Let’s talk about long distance running (with three great long distance athletes)


17 May 2021
by Kelvin Slesser-Marriott


How far can you run in a day? That’s the question that encouraged us to connect with David Kilgore, Lucy Bartholomew and Travis Hawkins to talk about their individual experiences as successful long distance athletes.

But first, let’s try to define what we mean by long distance.

Open ended and, for the most part, accessible, this is a sport where the line between exercise and adventure is pleasantly blurred. Usually, over five or ten kilometres, form, age and training will predict your performance. This is also the kind of running where most of us will benchmark our athletic ability.

But what happens when we look further, to marathons, ultras and beyond? Well, because they can be such epic endurance tests, we tend to focus more on, and take more satisfaction from, simply finishing.

Lucy Bartholomew by Bryan Hynes
Image by @bryanhynes_

Fatigue, fuel and weather are likely to contribute, plus the training required to reach any kind of competitive standard doesn’t easily fit into the schedule of a full time job and low key drinking habits. The beauty here then, is that pace comparisons fall away.

Outcomes are replaced by experiences, and the feat of a double-digit hour or multi-day running event becomes a spectacle that can define any runner's year, or even lifetime. It allows race organisers to innovate outside the box of point-to-point, single terrain, solo racing - such as the 10km road race.

Look at Big Dog’s Backyard Ultra, The Barkley Marathons or The Speed Project - unorthodox races defined by their winners as ‘special games with fantastic rules’, or sometimes #NORULES as is the motto for the latter.

So, inspired by this question ‘how far can you run in a day?’, we’ve built a long distance event to push individuals, or teams, into this realm of self-discovery and adventure. David, Lucy and Travis are here to guide us through to the start line.

Warning: this may provoke you to run really, really far...

For someone running their first ultra race, what are the common mistakes? What are you most likely to forget?


David: Definitely nutrition is king. A lot of ultra runners joke that an ultra is an eating contest with a little bit of running involved. So before you toe the line make sure you are dialed in what works well for your body. Also don't forget batteries for your head lamp and some band aids for your nipples.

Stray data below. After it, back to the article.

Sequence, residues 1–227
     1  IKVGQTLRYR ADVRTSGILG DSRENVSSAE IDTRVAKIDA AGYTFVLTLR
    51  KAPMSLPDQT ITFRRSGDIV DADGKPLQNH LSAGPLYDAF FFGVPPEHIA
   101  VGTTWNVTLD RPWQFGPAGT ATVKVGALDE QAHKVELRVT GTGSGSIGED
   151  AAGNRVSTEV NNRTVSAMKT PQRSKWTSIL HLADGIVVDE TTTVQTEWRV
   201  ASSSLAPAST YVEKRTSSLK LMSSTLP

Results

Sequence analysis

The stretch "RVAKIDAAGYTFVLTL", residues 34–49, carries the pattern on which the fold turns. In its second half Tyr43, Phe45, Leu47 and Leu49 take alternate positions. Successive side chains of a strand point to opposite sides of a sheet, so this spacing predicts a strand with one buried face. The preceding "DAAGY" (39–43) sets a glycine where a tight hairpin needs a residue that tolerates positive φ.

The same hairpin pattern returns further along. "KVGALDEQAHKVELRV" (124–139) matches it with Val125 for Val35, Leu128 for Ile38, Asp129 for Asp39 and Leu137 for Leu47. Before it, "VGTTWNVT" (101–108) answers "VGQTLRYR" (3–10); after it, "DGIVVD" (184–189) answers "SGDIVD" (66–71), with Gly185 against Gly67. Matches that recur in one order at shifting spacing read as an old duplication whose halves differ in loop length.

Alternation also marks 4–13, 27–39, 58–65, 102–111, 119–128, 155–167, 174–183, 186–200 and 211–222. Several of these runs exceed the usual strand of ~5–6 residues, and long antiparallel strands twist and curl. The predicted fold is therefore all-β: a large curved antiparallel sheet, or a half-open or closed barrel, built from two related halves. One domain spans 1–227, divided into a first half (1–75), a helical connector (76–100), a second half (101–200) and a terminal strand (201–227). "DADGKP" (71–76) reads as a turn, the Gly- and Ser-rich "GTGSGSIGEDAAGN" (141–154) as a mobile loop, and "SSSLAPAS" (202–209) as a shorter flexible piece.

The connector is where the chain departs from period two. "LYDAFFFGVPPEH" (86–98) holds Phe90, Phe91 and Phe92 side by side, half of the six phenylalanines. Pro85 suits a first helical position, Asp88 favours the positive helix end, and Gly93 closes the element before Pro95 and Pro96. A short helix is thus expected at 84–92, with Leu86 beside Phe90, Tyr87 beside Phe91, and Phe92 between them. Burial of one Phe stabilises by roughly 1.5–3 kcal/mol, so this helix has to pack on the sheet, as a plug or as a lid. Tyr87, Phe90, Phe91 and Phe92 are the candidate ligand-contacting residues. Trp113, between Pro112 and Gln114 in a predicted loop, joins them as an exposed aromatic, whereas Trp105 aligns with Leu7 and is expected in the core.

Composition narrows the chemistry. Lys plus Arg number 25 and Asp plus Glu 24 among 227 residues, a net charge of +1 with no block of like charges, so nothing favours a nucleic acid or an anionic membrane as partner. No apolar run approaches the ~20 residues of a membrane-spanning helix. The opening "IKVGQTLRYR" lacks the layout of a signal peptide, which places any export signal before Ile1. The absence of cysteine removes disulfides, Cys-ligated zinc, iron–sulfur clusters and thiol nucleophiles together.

Travis: There are so many mistakes to be made! Sure, beginners will likely make more of them... The longer the race, the more opportunity there is for everyone to make mistakes though. The difference I see with beginners versus experienced athletes is the ability to stick to a plan when mistakes (inevitably) are made. When things start to go wrong, beginners are most likely to forget the plan.

Lucy: Usually people are so anxious and nervous for their first ultra that they have everything and anything they might need!! The common mistake is that they have so much stuff that they get overwhelmed and forget something as important as anti chafe or sometimes their shoes!! My advice here is to get the basics sorted and don’t complicate it.

Lucy Bartholomew by Josh Lynott
Image by @joshlynott

Presumably your kit will be different to racing 10km, so what are you packing for an ultra run?


Lucy: For sure there is a difference in what you need for say 40min for running in a 10km compared to a possible full day on the trails for an ultra. In my pack is usually wet weather/wind jacket, a long sleeve thermal if I am in the mountains, a small first aid kit, lots of snacks, water, maps if I don't know where I am going, my phone, a hat, a buff, sunglasses and the most important thing: a good attitude.

Travis: It’s easy to get overwhelmed.I try to make all of the decisions ahead of time. I obsess over the weather in the days leading up to a race - decide what I will need, then try to forget about it. For years, I took notes after training workouts listing weather conditions and what worked and didn’t. This was really helpful in creating my own personal quiver of gear. For instance, I can handle almost anything with warm wind blocking gloves, a rain vest and merino wool socks. I am almost never comfortable in a jacket. I won’t even run a 10k without vaseline to prevent chafing. The longer the race, the more I keep on reserve.